The list, which now also recommends specific industry led actions and delivery timeframes, includes four of the six existing product classes – photovoltaic systems, electrical and electronic products, child car seats and plastic oil containers, plus two new product classes – clothing textiles and problematic and unnecessary single use plastics.

Batteries and microbeads have been removed from the list.

The Minister’s Priority List provides certainty and transparency to the community and industry about what is being considered for regulation under the Recycling and Waste Reduction Act 2020.

National Waste and Recycling Council (NWRIC) CEO Rose Read welcomed the addition of clothing textiles and problematic and uncessary plastics to the list but questioned the decision to remove batteries.

“It is great to see clothing textiles and problematic and uncessary plastics added to the list as they have low recovery rates, contaminate current household and business recycling systems and damage processing equipment.

“However, given Australia’s first battery recycling is not due for launch until early 2022, removing batteries from the List seems somewhat premature.

“The voluntary industry-led scheme, while having ACCC approval is not yet up and running, nor is it government accredited,” said Ms Read.

“More and more batteries are being placed in our waste and recycling streams, causing more and more fires, putting our workers at risk and damaging trucks and processing facilities.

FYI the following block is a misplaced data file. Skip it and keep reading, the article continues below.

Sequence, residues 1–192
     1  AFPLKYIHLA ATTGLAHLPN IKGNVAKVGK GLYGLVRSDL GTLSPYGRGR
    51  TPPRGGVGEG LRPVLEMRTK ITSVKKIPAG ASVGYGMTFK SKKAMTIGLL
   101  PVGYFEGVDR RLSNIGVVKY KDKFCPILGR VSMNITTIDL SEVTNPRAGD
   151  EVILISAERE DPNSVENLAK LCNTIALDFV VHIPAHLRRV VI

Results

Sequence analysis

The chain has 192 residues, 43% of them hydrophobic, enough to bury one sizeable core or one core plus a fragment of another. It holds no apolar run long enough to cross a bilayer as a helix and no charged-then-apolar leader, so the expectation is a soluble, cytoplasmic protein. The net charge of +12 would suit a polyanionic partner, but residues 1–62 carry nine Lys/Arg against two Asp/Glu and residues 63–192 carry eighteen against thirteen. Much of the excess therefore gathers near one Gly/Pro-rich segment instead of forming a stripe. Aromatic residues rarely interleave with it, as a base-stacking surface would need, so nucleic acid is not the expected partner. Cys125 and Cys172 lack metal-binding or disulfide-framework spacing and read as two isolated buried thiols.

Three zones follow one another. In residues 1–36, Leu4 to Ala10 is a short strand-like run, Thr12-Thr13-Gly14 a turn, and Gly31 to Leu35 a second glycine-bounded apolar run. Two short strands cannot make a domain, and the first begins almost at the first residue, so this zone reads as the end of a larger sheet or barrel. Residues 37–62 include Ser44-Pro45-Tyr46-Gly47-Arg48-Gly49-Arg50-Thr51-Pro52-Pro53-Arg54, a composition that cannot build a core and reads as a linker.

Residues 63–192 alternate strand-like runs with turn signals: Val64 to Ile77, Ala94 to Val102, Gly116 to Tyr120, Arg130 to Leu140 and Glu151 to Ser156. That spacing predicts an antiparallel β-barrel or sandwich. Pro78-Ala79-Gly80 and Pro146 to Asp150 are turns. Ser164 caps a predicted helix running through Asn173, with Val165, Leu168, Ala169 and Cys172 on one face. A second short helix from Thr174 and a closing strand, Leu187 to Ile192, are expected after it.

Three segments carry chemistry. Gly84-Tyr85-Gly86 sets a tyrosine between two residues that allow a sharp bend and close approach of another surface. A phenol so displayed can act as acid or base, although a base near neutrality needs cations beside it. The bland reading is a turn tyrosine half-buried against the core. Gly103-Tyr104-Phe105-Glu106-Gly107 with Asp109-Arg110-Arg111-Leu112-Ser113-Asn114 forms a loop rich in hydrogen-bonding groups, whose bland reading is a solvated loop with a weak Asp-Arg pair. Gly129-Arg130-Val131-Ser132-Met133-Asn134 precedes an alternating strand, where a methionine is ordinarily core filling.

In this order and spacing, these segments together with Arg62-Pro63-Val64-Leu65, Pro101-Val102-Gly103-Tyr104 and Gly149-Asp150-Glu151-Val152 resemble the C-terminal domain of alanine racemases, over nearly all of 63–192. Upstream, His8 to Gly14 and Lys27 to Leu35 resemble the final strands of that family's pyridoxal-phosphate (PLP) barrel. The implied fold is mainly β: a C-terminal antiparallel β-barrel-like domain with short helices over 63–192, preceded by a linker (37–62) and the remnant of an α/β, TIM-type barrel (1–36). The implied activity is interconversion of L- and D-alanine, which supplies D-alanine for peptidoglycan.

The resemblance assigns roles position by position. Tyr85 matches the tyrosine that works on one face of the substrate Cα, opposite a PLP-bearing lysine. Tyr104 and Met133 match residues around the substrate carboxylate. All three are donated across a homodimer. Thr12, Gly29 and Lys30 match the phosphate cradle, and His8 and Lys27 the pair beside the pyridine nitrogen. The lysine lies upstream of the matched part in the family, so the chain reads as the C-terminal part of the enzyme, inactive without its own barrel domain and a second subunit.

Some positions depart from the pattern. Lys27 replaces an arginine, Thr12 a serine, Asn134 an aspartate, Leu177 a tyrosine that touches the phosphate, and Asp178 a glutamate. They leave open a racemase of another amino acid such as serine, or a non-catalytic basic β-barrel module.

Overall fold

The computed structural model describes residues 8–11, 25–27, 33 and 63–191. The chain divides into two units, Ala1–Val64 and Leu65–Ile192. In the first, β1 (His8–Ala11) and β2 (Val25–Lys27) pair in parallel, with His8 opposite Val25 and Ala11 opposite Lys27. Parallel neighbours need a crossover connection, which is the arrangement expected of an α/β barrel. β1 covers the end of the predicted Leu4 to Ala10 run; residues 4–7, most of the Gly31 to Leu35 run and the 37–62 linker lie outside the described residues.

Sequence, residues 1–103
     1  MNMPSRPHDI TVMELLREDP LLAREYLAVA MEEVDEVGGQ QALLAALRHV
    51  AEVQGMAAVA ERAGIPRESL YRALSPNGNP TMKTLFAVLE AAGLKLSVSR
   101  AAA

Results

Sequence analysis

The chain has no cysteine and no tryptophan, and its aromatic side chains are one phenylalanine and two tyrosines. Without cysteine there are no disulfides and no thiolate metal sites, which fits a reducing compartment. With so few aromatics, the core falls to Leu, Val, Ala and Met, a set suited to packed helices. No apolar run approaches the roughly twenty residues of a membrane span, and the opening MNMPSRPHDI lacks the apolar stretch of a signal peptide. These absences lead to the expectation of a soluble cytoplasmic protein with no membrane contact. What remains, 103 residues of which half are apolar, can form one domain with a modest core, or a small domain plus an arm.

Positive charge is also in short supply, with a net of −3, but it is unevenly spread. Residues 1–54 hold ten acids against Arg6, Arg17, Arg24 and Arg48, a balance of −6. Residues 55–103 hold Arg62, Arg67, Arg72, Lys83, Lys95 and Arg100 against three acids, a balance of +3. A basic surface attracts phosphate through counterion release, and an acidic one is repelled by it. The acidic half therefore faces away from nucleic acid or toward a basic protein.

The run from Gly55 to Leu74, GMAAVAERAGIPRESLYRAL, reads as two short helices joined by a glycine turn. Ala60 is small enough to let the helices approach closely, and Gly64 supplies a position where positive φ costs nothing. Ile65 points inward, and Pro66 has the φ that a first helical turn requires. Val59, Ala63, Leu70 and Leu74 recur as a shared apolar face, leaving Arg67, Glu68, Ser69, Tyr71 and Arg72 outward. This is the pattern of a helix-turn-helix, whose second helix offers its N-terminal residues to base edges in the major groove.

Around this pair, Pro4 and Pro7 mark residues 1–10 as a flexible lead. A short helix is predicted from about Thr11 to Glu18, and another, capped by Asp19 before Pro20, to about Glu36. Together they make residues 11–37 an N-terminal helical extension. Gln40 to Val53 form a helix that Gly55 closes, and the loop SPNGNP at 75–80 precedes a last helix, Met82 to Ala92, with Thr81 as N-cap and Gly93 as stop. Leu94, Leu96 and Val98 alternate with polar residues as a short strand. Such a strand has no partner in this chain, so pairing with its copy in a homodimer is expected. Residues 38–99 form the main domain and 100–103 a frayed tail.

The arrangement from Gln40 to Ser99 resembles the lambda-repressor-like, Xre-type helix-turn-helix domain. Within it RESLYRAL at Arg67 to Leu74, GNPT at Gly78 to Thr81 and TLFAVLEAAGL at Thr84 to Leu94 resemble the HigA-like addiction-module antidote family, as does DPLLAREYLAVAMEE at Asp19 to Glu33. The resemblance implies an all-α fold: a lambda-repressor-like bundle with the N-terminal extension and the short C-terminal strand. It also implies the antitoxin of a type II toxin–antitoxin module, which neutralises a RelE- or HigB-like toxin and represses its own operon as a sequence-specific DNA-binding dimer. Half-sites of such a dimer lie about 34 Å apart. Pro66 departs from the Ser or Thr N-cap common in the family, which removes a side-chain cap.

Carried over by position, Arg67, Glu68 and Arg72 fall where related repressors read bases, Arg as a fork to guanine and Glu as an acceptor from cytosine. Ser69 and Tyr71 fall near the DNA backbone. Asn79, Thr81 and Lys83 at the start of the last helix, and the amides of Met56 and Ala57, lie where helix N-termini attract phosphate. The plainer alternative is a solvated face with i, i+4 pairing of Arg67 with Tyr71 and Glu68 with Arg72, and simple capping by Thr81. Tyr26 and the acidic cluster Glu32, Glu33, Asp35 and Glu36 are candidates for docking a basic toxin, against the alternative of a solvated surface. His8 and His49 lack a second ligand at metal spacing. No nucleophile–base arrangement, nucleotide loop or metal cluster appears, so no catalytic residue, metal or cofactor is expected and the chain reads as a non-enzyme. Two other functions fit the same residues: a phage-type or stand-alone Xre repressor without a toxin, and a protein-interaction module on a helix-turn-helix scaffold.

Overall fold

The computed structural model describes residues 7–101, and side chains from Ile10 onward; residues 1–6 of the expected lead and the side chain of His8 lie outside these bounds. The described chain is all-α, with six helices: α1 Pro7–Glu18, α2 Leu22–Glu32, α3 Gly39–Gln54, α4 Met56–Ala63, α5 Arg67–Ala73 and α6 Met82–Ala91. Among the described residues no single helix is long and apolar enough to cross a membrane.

“The waste and recycling sector needs to have confidence that this scheme will be operating by no later than 1 Januray 2022.

In releasing the list, Minister Ley singled out the solar industry, indicating they need to have an industry-led, nationwide scheme designed by June 2022.

“Solar panels have languished on the Government’s priority list for six years now. It is time for the industry to step up and address the issue of waste either stockpiling or ending up in landfill, and today I have given them a deadline of mid-2022 to do that,” Minister Ley said.

Photovoltaic systems (solar panels and accessories) have been on the Minister’s List since 2016-17. Read the Ministers media release regarding the solar industry here.


Hazardous Waste Bill

Environment Minister Sussan Ley has introduced a Bill into the House of Representatives that strengthens enforcement provisions of the hazardous waste export and import permitting regime.

The Bill introduces introduces a new penalty of up to five years in prison for importing hazardous waste without a permit, or not in accordance with a permit.

It also introduces new civil penalty provisions with maximum fines of $222,000. In addition, the Bill empowers the department to issue infringement notices and negotiate enforceable undertakings.

The Bill would also ensure Australia is aligned with an amendment to the Basel Convention on transboundary movements of hazardous waste, which deals with mixed plastic containing hazardous components.

National Waste and Recycling Council (NWRIC) CEO Rose Read welcomed the Bill’s intent.

“Stengthening the penalties regarding hazardous waste sends a clear message to those operators doing the wrong thing that their actions will not be tolerated,” Ms Read said.